On September 23, the Luminos Fund hosted its fifth annual U.N. General Assembly (UNGA) week event, “Getting Ghana Back to School.” (View the webinar recording online here or below.)

This year’s conversation centered on the education challenges posed by COVID-19 in Ghana, examining powerful new research by the Center for Global Development (CGD) and Institute for Educational Planning and Administration (IEPA), and reflecting on the way forward. Moderated by Caitlin Baron, CEO of the Luminos Fund, the webinar featured a diverse panel of Ghanaian luminaries, education leaders, and experts including:

  • Dr. Might Kojo Abreh, Non-Resident Fellow, Center for Global Development; Senior Research Fellow and Head of Grants and Consultancy, Institute for Educational Planning and Administration (IEPA)
  • Dr. Kwame Akyeampong, Professor of International Education & Development and Director of the Centre for the Study of Global Development, The Open University; Member, Luminos Fund Advisory Board
  • Patrick G. Awuah Jr., Founder & President, Ashesi University
  • Corina Gardner, Executive Director, IDP Foundation
  • Yawa Hansen-Quao, Executive Director, Emerging Public Leaders

“It is powerful for us to look to countries and nations that have historically led in education, to guide us on leading our way back from this COVID moment.”

Caitlin Baron, CEO, Luminos Fund

New CGD-IEPA Research

Ghana is a leader in education access on the continent, nevertheless, COVID-19 poses significant education challenges, particularly for Ghana’s most vulnerable children. Dr. Might Kojo Abreh shared highlights from Phase I of the new CGD-IEPA research on the effects of COVID-19 and 2020 COVID-related school closures in African contexts, and offered advice for informed COVID-19 response strategies.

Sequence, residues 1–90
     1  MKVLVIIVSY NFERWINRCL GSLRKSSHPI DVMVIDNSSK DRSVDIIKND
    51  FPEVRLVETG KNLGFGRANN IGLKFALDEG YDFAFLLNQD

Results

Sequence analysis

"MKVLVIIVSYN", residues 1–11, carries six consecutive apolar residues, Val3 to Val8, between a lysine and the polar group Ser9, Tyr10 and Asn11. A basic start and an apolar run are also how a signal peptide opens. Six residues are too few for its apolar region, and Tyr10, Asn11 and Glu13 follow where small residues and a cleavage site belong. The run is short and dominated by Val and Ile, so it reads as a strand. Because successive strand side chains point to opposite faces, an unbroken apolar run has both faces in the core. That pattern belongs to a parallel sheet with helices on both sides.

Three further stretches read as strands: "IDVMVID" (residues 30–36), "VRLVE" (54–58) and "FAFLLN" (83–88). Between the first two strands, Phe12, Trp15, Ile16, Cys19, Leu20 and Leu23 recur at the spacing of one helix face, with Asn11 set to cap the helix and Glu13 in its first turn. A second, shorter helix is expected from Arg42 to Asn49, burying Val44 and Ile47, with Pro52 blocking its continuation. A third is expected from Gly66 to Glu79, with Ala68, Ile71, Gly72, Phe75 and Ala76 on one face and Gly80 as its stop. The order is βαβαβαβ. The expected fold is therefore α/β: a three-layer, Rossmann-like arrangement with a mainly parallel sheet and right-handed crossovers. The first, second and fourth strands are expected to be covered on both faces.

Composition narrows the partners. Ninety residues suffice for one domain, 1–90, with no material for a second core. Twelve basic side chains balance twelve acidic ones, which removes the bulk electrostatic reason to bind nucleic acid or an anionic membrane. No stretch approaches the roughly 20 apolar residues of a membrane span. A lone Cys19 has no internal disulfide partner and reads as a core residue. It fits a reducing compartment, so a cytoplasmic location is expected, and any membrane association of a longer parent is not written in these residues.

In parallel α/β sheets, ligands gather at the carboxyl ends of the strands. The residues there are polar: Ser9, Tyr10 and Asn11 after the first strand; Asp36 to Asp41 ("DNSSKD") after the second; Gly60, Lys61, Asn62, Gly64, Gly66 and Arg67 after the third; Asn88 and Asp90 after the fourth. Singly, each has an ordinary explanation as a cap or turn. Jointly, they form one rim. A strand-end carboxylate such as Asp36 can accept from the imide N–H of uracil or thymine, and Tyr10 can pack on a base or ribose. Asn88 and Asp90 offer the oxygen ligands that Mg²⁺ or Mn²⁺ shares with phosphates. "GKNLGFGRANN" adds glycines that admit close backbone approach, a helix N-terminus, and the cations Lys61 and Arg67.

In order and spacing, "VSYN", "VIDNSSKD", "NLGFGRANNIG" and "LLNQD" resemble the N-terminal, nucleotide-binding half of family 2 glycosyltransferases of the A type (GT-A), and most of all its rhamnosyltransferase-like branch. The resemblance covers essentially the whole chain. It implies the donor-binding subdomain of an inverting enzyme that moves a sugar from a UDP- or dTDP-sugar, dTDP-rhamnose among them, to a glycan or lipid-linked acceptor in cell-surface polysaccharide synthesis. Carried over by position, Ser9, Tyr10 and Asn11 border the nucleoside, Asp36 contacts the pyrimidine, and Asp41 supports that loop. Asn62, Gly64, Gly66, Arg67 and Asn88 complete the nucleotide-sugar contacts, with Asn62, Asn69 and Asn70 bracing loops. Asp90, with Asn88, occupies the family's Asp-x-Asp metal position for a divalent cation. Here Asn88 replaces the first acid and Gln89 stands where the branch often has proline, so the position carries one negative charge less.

Dr. Abreh identified two key findings of the household survey results in Ghana. First, dropout rates among children remained fairly consistent with pre-COVID school closures dropout rates. Second, grade repetition rates among children have doubled when compared to pre-COVID school closures. The research findings suggest that dropout and repetition rates are disproportionately higher among boys and children from the poorest households.

Dr. Abreh concluded his presentation with a few reflections: household perceptions of emergency response management and mitigation efforts are important, and informed and effective COVID-19 education response strategies must include factors such as location, wealth, and zone disparity as key considerations.

“At the heart of this equation is an issue of equity and social justice. In periods of resilience and progress making in emergencies, we must ensure full recovery in terms of participation in education,” said Dr. Might Kojo Abreh.

A Dynamic Panel Conversation

As Executive Director of Emerging Public Leaders, Yawa Hansen-Quao is uniquely placed to help shape the way forward for Ghana’s education recovery. When asked about the experience of rising bureaucrats in the Ghanaian Ministry of Education during this moment, Yawa noted that it has been an overwhelming period for Ghanaian leadership tasked with troubleshooting this crisis and adequately rising to meet the moment. Yawa noted, “I think the crisis of COVID forced us all to adopt new technologies and I was glad to see the Ministry champion new initiatives like Ghana Learning TV.”